Out of the 400 varieties of aloe vera originating in the arid dessert conditions of North Africa, only a single variety, Aloe barbadensis miller, has the multitude of benefits that are able to treat many ailments. Whole leaf aloe vera has become a major component in many cosmeceutical and health care products.
Cutting open this long, fleshy, succulent leaf reveals a very gelatinous center, which is actually 99 percent water. Despite the high water content, the gel has numerous goodies: vitamins; amino acids; sterols; and the emollient polysaccharide, glucomannan, which makes a good moisturizer. Another carbohydrate fraction in the gel accelerates wound healing. Brandykininase is an anti-inflammatory and magnesium lactate that stops itching. The salicylic acid found in this layer also acts as an anti-inflammatory. The middle layer of the leaf contains anthraquinone, which is better known as an ingredient in laxatives.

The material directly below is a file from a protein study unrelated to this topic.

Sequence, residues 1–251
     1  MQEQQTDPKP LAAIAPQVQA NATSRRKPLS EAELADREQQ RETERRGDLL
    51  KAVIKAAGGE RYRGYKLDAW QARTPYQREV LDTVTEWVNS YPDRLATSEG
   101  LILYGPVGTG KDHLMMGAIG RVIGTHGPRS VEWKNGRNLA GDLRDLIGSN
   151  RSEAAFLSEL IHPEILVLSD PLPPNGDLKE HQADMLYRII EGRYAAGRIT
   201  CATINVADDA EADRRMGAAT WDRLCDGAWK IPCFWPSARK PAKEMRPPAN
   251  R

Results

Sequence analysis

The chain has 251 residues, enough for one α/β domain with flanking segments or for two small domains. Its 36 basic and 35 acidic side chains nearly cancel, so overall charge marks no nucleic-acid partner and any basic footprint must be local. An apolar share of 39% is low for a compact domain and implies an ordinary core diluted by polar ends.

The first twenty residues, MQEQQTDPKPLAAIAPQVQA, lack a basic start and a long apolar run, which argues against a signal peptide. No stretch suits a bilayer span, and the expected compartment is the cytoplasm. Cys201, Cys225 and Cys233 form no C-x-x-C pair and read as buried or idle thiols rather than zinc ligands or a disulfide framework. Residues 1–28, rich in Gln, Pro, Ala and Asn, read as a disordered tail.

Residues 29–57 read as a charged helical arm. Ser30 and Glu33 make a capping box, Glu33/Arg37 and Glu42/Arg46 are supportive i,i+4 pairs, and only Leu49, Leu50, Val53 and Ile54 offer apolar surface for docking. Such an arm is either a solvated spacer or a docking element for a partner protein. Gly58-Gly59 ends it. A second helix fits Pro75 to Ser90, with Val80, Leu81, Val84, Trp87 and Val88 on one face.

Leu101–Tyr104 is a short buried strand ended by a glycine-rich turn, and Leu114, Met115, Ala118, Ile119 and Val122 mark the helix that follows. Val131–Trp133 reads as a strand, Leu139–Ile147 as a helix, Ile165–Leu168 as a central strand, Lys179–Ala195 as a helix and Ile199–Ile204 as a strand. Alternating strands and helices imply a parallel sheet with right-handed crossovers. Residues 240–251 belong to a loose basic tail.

The outer green covering is just as important as the rest of the leaf. James Fulton, M.D., Ph.D., researched aloe vera processed with the outer skin and aloe vera that had the outer skin removed. He was looking for the most effective way to process and extract the active healing ingredients. Traditionally, the tough outer skin had been peeled off and thrown away. Fulton found that when the whole leaf was processed, it contained more valuable nutrients than the peeled aloe vera leaves. Topical skin care products formulated with the whole leaf aloe vera were more effective clinically than products produced with the filleted aloe vera.
No single plant, except for whole leaf aloe vera, has vitamins, sugars, enzymes, minerals, fatty acids, hormones, and anthraquinones working synergistically to heal the skin.